Jeffrey D. Allred, Deseret News
SALT LAKE CITY — They're no closer to deciding whether to recommend relocating the Utah State Prison, but members of the state's prison relocation authority voted Wednesday to start putting together a request for bids.
Developers eyeing the prison's nearly 700 acres at Point of the Mountain in Draper will likely have to wait until this fall for details, said Lane Summerhays, Prison Relocation and Development Authority board chairman.
While there is no deadline for a decision, Summerhays said after Wednesday's meeting it may not be possible to have a recommendation ready for the 2014 Legislature that begins meeting in January.
"I don't know how realistic that is, but we'll give it a shot," Summerhays said.
He said the bids will need to be carefully reviewed before the board determines whether the facility, which opened in 1951, should be moved and, if so, where.
Suggested sites for a new prison have included Tooele and Sanpete counties, but Summerhays said nothing's off the table, including streamlining the prison at its current location.
"I think everything should be in play," he said. "In my mind, this is a 70-year decision."
The board is also gathering information about the prison's needs from a variety of sources, including the Department of Corrections, as well as seeking appraisals on the property and an environmental impact statement.
Salt Lake County Mayor Ben McAdams, a member of the board, supported moving forward with the bid request. McAdams has raised questions about the cost to taxpayers of moving the prison.
"I have not made a decision whether relocating the prison is something that should happen or should not happen," he said, adding that he worried about the board making "a decision through inaction."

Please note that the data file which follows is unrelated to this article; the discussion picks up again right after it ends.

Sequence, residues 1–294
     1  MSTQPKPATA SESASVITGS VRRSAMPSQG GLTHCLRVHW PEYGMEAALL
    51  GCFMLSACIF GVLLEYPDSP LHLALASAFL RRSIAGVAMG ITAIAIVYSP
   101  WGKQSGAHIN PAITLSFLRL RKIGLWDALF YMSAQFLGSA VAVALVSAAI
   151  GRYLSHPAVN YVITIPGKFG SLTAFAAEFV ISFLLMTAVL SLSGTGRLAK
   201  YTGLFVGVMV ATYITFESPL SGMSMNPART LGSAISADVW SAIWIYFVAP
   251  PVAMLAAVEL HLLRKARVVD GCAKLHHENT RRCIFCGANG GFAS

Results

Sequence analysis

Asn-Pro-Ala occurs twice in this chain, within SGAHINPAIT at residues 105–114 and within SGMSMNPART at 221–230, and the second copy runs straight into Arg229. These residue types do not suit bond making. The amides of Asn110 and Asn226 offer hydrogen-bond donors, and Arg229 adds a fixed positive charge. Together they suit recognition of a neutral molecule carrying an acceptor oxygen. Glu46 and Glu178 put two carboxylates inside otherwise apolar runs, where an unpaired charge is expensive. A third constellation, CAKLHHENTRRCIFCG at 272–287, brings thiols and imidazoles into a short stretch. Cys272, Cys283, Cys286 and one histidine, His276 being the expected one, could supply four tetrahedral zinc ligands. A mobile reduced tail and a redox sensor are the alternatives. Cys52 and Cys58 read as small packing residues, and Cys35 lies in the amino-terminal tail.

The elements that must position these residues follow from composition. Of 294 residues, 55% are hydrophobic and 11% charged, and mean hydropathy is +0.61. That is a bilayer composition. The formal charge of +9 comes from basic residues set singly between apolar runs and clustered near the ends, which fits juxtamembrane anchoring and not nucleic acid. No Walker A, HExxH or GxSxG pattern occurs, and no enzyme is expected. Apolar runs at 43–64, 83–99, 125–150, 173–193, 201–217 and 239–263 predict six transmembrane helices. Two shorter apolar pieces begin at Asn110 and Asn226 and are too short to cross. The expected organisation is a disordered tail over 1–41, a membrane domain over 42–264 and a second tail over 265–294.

The county mayor said waiting too long to seek bids could close the door on an opportunity to move the prison while interest rates and construction costs remain relatively low.
McAdams said he wants board members to be able to analyze the proposals from developers as other data are being examined rather than wait and "have market conditions change under our feet."
Another board member, Sen. Stephen Urquhart, R-St. George, also stressed the need to "move as rapidly as possible without committing ourselves to a certain outcome."
Urquhart told the board that going after bid proposals from potential developers of the prison site "doesn't commit us to anything. It's simply another way to collect data."
Rep. Brad Wilson, R-Kaysville, also a board member, said the legislation creating the reorganized board asked that bids be solicited as part of the recommendation process.
Wilson praised the Corrections Department for making a presentation to the board Wednesday that focused on the improvements that could be made to inmate services, as well as prison working conditions with a new facility.
"There's been an assumption this is all about freeing up 700 acres in Draper," Wilson said, adding that's "never been the case. What a tremendous opportunity we have to push the reset button."
A committee was appointed that will begin drafting a request for bid proposals and a detailed discussion is expected at the board's Sept. 16 meeting. There are also meetings set for Aug. 8 and Aug. 29.
The August meetings are expected to include presentations from county officials whose facilities house state inmates, as well as the state Board of Pardons and Parole.
New Corrections Department Executive Director Rollin Cook told the board Wednesday he wants state officials "to be proud of corrections" and called the possible move "truly the opportunity of a lifetime."
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